OAKLAND, Calif. - Hundreds of Oakland Unified teachers were out on the picket lines on Friday, protesting the closure and consolidation of 11 schools over the next five years.
Although the strike is just for one day, the district asked parents to keep their students home because they won't be able to cover all the staff absences. The district is calling this strike an "illegal labor action."
It's unclear if the strike will do anything; the board voted to close the schools earlier this year.
Oakland Education Association President Keith Brown says they have community support, blaming the district on declining enrollment and "being underfunded for so many years."
"Closing schools hurts students, and it hurts neighborhoods... Especially in Black and brown communities," Princess Moss, vice president of the National Education Association said Friday.
"The teachers here are very supportive," said Grandma Dot, whose grandchildren attend Carl B. Munck Elementary, a school on the closure list. "It's important this school remains open, as well as the other schools."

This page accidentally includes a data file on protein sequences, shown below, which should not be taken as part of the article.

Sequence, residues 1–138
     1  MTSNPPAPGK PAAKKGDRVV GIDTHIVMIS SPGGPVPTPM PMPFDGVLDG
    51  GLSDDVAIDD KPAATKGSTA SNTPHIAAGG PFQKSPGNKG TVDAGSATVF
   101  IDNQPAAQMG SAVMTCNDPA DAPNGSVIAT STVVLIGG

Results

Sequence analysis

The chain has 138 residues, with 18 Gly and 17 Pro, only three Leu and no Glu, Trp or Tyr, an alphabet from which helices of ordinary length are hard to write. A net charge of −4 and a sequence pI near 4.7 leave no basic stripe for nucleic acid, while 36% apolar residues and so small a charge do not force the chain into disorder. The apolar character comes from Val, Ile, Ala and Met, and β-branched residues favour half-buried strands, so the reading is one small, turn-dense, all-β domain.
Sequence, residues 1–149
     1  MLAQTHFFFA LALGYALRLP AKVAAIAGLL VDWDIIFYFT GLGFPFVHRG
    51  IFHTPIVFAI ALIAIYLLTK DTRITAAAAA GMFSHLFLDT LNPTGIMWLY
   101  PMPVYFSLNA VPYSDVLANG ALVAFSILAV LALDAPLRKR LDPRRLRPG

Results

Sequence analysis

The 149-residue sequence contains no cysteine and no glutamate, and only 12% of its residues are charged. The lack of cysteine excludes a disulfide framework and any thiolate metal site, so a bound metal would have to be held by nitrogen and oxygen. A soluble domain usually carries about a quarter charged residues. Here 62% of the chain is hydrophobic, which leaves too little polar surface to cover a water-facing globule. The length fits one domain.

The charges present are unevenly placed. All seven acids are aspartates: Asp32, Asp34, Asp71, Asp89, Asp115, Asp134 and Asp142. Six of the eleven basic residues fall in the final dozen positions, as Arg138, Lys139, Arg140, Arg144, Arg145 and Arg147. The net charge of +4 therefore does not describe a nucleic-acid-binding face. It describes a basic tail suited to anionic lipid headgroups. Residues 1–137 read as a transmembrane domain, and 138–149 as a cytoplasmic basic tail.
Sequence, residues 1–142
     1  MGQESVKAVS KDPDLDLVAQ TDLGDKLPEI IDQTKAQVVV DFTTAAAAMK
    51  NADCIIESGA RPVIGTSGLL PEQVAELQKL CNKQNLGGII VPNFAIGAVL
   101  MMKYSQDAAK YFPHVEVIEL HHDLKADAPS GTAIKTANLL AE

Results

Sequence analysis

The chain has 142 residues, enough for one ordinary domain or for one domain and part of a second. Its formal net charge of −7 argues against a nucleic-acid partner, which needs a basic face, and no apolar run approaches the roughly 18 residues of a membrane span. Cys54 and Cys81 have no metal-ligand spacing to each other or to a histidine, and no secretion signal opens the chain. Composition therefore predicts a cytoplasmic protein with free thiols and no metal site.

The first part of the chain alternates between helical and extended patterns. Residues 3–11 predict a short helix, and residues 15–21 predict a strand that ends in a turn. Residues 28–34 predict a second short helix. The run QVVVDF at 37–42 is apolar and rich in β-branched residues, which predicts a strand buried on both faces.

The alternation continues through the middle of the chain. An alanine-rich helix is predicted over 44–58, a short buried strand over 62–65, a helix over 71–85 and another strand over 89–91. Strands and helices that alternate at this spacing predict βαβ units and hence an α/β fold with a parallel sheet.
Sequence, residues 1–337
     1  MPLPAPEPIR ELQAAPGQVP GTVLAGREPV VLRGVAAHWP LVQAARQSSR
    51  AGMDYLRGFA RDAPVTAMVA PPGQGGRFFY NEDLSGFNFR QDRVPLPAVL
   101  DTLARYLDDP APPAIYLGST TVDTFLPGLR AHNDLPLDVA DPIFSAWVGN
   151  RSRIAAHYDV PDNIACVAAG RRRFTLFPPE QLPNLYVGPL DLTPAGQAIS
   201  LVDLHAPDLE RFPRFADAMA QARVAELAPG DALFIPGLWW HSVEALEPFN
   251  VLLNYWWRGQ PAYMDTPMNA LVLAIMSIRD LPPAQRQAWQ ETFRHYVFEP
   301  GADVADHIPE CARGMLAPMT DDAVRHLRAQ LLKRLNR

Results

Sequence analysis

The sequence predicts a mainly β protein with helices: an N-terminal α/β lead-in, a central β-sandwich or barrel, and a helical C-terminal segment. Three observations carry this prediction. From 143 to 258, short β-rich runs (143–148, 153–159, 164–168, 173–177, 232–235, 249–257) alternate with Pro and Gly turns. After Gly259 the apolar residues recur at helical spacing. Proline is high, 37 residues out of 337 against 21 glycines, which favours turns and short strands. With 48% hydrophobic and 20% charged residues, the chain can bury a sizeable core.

At Parker Elementary, another school set to close, Hillary Chen said: "This school is my neighborhood school."
Parker Elementary lost more than 100 students in the past five years, according to OUSD data, serving about 260 students this year.
Oakland Unified says the closures are necessary to deal with a steep budget deficit.
In a statement to KTVU, the district's chief academic officer says: "In our district, we have been facing declining enrollment for decades... Sustaining many small schools stretches our resources thinly across too many schools, instead of allowing us to invest more deeply in fewer schools."
OUSD says any student absences today will be excused.
After striking at the individual schools, teachers will take part in a rally at Oakland City Hall in the afternoon.